Published: 18 May 2023
Human Reproduction; https://doi.org/10.1093/humrep/dead098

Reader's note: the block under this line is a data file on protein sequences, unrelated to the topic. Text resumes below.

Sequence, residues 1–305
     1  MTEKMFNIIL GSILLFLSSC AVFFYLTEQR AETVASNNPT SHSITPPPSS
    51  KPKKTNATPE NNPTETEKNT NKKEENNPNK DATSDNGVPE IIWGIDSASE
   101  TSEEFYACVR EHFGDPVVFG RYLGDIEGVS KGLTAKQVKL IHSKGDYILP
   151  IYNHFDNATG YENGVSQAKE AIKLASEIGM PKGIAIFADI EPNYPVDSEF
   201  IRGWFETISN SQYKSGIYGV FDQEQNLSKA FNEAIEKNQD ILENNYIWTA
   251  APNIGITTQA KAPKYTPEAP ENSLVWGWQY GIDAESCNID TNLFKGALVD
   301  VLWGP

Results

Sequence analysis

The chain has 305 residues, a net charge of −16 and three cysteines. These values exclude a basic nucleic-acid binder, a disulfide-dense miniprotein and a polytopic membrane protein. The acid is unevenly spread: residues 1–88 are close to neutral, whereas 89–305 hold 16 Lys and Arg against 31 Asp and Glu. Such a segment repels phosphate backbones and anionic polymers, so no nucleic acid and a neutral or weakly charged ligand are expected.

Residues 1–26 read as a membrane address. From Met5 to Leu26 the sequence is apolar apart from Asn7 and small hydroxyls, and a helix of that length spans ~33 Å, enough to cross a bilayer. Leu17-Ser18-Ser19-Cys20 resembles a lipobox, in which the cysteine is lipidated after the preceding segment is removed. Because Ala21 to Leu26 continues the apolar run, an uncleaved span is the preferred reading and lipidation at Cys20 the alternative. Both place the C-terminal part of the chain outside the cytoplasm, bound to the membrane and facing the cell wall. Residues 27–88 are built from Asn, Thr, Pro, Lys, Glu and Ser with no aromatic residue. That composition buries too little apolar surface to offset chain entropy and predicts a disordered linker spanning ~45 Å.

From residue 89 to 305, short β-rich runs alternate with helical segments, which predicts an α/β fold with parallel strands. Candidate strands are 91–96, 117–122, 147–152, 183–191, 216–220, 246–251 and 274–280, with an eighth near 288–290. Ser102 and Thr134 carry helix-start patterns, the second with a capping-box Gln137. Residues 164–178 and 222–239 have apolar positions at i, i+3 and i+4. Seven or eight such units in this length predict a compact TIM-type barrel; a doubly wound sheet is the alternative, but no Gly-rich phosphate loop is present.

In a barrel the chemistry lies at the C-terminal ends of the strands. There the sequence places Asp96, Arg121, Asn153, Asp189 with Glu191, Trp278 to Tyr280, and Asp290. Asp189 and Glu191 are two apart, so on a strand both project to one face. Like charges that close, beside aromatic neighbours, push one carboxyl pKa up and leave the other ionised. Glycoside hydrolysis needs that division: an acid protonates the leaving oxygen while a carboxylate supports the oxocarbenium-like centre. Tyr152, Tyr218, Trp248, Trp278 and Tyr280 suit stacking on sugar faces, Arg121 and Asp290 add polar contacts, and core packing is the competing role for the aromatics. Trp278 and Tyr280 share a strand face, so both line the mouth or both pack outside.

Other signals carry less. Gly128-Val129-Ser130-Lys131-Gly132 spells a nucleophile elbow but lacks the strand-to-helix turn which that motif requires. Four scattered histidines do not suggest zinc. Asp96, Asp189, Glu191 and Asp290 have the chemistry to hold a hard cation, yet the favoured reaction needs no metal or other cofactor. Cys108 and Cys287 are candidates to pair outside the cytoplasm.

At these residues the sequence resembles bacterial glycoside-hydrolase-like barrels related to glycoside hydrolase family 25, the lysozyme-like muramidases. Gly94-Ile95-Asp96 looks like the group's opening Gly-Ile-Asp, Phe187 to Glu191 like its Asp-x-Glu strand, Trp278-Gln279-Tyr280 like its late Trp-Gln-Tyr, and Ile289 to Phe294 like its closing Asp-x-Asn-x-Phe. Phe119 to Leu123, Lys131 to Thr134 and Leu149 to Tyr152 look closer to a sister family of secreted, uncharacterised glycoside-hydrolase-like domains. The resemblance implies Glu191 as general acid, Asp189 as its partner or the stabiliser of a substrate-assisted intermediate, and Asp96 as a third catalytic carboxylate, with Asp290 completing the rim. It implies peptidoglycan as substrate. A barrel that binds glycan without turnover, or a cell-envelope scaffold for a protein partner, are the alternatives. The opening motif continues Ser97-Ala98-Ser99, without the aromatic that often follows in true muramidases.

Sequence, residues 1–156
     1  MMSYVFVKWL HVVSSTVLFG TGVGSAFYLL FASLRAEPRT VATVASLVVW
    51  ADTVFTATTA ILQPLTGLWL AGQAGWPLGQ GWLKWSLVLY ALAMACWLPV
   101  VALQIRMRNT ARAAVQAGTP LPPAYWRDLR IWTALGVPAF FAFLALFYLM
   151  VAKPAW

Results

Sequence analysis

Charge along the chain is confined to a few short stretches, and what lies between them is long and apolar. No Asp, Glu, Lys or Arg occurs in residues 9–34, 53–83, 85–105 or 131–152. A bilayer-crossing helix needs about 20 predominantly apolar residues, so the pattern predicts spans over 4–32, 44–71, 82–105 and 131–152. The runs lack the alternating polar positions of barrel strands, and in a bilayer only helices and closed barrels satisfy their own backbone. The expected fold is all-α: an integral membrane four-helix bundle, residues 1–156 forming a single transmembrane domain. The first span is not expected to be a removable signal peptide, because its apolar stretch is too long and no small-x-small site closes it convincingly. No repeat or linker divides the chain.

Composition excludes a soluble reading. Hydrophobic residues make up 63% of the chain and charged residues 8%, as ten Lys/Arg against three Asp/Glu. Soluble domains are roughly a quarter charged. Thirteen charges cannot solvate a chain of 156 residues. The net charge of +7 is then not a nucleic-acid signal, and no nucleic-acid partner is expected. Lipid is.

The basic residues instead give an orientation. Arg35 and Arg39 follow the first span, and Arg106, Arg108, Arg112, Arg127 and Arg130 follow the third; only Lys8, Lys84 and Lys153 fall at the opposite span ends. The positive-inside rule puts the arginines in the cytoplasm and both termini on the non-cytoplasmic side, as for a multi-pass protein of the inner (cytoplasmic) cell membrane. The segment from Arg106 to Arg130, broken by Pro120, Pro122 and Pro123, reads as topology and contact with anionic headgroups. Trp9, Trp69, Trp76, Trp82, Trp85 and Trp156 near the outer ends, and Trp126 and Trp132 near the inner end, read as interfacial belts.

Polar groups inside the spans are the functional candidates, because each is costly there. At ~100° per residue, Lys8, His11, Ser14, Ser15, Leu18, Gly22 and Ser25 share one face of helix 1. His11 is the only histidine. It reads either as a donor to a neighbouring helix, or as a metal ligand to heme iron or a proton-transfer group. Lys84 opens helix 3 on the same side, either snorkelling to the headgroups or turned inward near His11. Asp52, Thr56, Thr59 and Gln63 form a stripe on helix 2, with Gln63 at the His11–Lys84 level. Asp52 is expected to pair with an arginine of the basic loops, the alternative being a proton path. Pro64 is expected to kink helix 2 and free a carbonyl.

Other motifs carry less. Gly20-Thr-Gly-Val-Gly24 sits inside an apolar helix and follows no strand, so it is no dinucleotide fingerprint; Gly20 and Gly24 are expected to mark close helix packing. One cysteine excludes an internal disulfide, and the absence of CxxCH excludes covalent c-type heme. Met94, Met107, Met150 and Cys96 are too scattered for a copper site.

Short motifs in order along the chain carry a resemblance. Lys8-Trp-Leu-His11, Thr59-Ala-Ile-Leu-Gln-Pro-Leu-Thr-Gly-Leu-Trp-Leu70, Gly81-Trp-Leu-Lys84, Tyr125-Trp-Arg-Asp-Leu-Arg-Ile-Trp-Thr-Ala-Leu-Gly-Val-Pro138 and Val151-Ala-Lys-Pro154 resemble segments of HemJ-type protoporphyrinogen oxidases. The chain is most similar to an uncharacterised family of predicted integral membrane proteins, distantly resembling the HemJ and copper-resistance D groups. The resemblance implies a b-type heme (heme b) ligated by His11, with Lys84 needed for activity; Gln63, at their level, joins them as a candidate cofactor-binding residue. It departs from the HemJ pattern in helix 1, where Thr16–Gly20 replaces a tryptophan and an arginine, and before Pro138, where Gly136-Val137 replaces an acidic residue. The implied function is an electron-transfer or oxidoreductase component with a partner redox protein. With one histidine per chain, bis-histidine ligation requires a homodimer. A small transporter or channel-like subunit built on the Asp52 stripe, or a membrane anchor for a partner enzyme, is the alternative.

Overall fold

STUDY QUESTION: Does a personalized embryo transfer (pET) guided by tests for endometrial receptivity (TER) increase the effectiveness of ART procedures? SUMMARY ANSWER: The use of TER-guided pET is not supported by current published evidence in women without repeated implantation failure (RIF), while in women with RIF more research is needed to assess a potential benefit. WHAT IS KNOWN ALREADY: Implantation rates are still far from ideal, especially in some patients that have RIF with good-quality embryos. As a potential solution, a wide range of diverse TER use different sets of genes to identify displacements of the window of implantation to adjust the individual length of progesterone exposure in a pET. STUDY DESIGN, SIZE, DURATION: A systematic review with meta-analysis was performed. Search terms included endometrial receptivity analysis, ERA, personalized embryo transfer. CENTRAL, PubMed, Embase, reference lists, clinical trials registers, and conference proceedings (search date October 2022) were searched, with no language restrictions. PARTICIPANTS/MATERIALS, SETTING, METHODS: Randomized controlled trials (RCTs) and cohort studies comparing a pET guided by TER vs standard embryo transfer (sET) in different subgroups that undergo ART were identified. We also investigated pET in non-receptive-TER vs sET in receptive-TER, and pET in a specific population vs sET in a general population. Risk of bias (RoB) was assessed with the Cochrane tool and ROBINS-I. Only those with low/moderate RoB underwent meta-analysis. The GRADE approach was used to evaluate the certainty of evidence (CoE). MAIN RESULTS AND THE ROLE OF CHANCE: We screened 2136 studies and included 35 (85% used ERA and 15% used other TER). Two studies were RCTs comparing endometrial receptivity analysis (ERA)-guided pET vs sET in women with no history of RIF. In women without RIF, no important differences (moderate-CoE) were found in live birth rates and clinical pregnancy rates (CPR). We also performed a meta-analysis of four cohort studies that were adjusted for confounding. In agreement with the RCTs, no benefits were found in women without RIF. However, in women with RIF, low CoE suggests that pET might improve the CPR (OR 2.50, 95% CI 1.42–4.40). LIMITATIONS, REASONS FOR CAUTION: We found few studies with low RoB. Only two RCTs in women without RIF were published, and none in women with RIF. Furthermore, the heterogeneity observed in populations, interventions, co-interventions, outcomes, comparisons, and procedures limited the pooling of many of the included studies. WIDER IMPLICATIONS OF THE FINDINGS: In the population of women without RIF, in agreement with previously published reviews, pET did not prove to be more effective than sET and, therefore, it precludes the routine use of this strategy in this population until more evidence is available. However, more research is advisable in women with RIF as low-certainty evidence from observational studies adjusted for confounders suggests that the CPR might be higher with pET guided by TER in this population. Although this review presents the best available evidence, it is still insufficient to change current policies. STUDY FUNDING/COMPETING INTEREST(S): No specific funding was obtained for this study. There are no conflicts of interest to declare. REGISTRATION NUMBER: PROSPERO CRD42022299827.